Climatic factors, such as the mean warm-season temperature, significantly contribute to the prediction of antimicrobial resistance in different healthcare systems and societies, and climate change may increase the transmission of antimicrobial resistance, particularly the transmission of carbapenem-resistant Pseudmonas aeruginosa, according to research presented at the 29th European Congress of Clinical Microbiology & Infectious Diseases, held April 13 to 16, 2019, in Amsterdam, The Netherlands.

Antimicrobial resistance is a growing threat that has been recently associated with increasing temperatures in the United States. This 30-country observational study was designed to determine whether the association between climate variables and antimicrobial resistance was identifiable in regions with diverse healthcare systems and societies, using Europe as case region. The 6-year prevalence of carbapenem-resistant Klebsiella pneumoniae, carbapenem-resistant P aeruginosa, methicillin-resistant Staphylococcus aureus (MRSA), and multiresistant Escherichia coli was determined based on over 900, 000 isolates from the European Antimicrobial Resistance Surveillance Network (EARS-Net). Associations between antimicrobial resistance and warm/cold season temperatures were identified by performing bi- and multivariate analysis (log-linear models) under conditions of potential confounders.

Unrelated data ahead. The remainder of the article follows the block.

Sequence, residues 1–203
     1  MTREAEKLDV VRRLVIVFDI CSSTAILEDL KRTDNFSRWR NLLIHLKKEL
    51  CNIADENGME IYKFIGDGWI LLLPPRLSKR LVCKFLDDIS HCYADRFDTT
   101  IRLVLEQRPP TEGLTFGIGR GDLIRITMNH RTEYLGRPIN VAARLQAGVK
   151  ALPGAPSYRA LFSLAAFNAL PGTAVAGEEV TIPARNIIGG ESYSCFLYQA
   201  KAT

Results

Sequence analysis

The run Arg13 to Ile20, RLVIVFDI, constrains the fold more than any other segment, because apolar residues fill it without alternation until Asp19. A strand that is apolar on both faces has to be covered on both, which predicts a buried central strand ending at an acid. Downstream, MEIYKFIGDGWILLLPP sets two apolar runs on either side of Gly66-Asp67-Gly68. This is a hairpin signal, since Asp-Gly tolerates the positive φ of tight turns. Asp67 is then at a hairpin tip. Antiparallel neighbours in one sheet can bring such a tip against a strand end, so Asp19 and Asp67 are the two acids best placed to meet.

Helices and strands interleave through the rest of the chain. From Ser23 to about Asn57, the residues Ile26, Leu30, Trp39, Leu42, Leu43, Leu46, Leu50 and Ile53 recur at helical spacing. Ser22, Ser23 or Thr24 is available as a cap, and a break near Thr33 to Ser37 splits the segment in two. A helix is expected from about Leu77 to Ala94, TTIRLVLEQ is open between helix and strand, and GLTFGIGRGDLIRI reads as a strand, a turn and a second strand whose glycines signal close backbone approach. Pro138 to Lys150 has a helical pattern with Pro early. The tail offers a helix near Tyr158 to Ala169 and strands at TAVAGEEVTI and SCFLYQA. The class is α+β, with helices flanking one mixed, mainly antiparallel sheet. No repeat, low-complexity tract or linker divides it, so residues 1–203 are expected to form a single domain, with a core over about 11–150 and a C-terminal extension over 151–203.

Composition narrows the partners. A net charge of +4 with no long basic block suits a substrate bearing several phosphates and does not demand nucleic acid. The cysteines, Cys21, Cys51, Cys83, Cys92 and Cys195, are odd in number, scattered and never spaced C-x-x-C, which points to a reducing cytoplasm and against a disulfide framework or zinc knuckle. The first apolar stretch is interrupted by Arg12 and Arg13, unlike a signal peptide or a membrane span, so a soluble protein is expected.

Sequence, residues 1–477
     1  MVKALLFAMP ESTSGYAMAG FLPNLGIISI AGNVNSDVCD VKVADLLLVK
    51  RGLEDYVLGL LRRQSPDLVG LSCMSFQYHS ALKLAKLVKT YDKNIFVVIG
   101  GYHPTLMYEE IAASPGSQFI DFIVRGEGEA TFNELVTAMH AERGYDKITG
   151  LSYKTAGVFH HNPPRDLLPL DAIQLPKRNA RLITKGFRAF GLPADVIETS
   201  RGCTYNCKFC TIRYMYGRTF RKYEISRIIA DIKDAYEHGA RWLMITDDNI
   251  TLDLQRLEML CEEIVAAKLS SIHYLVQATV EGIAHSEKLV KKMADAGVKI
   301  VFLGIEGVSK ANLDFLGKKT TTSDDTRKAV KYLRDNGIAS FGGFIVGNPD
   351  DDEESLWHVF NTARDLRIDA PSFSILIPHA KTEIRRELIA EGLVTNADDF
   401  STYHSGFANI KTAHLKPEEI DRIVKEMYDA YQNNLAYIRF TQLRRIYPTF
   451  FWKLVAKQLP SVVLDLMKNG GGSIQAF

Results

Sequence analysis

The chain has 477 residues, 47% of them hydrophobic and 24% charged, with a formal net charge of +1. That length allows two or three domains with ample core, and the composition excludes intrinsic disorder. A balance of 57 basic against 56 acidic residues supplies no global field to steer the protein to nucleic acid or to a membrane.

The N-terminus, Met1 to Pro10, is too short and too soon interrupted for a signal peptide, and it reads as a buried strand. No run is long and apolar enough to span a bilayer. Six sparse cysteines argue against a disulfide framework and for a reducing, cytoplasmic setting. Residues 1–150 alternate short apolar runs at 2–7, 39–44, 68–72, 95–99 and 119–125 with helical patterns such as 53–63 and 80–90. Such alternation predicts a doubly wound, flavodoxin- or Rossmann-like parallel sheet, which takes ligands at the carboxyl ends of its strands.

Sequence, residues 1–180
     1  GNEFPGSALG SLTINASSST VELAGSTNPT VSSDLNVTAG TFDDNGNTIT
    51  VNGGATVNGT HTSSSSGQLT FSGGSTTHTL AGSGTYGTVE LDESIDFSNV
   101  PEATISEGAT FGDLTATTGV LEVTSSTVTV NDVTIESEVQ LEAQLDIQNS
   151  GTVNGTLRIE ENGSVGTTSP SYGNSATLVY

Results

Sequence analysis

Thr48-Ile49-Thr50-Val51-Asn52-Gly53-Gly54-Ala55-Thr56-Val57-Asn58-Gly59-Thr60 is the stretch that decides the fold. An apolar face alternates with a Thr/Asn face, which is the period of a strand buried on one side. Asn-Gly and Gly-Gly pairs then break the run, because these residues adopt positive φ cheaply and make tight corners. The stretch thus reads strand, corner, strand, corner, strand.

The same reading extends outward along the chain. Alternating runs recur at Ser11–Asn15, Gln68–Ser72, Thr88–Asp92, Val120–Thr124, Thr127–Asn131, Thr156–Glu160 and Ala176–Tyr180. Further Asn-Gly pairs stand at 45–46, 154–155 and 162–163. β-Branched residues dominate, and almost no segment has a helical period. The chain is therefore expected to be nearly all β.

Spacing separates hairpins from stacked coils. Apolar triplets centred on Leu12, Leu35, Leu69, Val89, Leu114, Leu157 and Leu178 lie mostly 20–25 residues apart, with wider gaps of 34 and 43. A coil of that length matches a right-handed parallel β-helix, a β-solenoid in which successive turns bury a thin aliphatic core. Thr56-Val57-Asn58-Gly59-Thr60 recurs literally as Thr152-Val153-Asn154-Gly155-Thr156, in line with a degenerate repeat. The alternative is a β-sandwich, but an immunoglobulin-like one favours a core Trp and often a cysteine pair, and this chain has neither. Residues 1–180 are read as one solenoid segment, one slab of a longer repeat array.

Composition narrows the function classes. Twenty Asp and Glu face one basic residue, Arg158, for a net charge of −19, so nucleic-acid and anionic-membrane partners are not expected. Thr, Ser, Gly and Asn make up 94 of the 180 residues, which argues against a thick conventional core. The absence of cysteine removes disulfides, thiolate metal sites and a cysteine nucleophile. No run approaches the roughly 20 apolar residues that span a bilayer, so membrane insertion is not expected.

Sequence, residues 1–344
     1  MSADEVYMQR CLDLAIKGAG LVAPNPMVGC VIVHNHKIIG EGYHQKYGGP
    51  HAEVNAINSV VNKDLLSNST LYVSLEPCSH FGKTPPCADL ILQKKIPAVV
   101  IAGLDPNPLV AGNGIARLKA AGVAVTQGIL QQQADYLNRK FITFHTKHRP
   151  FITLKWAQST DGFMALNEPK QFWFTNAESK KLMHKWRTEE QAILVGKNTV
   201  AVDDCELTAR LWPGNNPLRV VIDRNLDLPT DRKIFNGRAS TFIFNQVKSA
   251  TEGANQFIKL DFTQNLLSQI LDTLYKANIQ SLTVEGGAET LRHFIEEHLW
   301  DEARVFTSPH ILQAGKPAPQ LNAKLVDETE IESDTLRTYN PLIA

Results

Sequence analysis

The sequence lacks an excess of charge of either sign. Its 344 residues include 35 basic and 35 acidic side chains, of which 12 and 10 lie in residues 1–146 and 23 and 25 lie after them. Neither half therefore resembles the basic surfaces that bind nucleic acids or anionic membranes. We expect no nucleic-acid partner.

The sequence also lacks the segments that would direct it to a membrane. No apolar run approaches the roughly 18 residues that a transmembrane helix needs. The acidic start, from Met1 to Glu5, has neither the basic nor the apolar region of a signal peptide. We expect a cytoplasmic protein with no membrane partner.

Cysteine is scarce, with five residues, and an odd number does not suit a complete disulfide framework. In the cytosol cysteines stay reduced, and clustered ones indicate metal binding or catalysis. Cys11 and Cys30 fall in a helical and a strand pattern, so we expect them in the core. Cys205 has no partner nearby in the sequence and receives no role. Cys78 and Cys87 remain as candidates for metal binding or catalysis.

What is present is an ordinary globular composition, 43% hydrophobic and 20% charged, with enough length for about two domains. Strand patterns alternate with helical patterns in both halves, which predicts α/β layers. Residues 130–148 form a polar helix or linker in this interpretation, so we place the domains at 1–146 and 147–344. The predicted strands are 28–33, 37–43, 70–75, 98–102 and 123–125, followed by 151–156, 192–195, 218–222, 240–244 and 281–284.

Significant associations were found between MRSA, carbapenem-resistant K pneumoniae, and multiresistant E coli and mean warm-season temperature, which contributed more to the explanation for MRSA variance than outpatient antimicrobial drug use. For every 1.0-degree Celsius increase in temperature, there was a correlative increase of: 1.02 x MRSA (P =.0002), 1.03 x carbapenem-resistant K pneumoniae (P =.011), and 1.01 x multiresistant E coli (P =.003).

Carbapenem-resistant P aeruginosa was significantly associated with temperature change, with every 0.5-degree Celsius increase in temperature resulting in 1.02 x carbapenem-resistant P aeruginosa (P =.035). Antimicrobial resistance in 4 countries not included in the EARS-Net database was estimated using all obtained multivariate models, with varying degrees of accuracy compared with empirical data.

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Study investigators concluded, “The present study identified a novel association between [antimicrobial resistance] and climatic factors in Europe. These results reveal 2 aspects: climatic factors significantly contribute to the prediction of [antimicrobial resistance]in different types of healthcare systems and societies, while climate change might increase [antimicrobial resistance] transmission, in particular [carbapenem-resistant P aeruginosa].”

Reference

Kaba H, Kuhlmann E, Scheithauer S. Novel association between antimicrobial resistance and climatic factors in Europe: a 30-country observational study. Presented at: The 29th European Congress of Clinical Microbiology & Infectious Diseases; April 13-16, 2019; Amsterdam, NL. Abstract 3045.